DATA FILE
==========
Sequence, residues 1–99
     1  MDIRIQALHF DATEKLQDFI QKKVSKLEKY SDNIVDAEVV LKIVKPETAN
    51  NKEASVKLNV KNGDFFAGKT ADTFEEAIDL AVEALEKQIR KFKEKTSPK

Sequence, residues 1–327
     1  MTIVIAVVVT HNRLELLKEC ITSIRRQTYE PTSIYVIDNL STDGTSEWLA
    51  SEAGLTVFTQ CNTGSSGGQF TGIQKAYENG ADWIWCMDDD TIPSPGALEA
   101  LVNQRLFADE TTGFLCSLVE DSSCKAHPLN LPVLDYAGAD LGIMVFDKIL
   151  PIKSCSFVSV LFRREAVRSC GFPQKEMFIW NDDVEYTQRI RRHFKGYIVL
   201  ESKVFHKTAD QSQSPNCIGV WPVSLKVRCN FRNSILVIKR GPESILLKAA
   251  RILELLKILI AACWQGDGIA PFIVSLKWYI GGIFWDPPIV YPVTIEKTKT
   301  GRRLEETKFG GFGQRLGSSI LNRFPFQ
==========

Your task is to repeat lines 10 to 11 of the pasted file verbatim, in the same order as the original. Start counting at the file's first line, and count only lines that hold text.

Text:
   251  RILELLKILI AACWQGDGIA PFIVSLKWYI GGIFWDPPIV YPVTIEKTKT
   301  GRRLEETKFG GFGQRLGSSI LNRFPFQ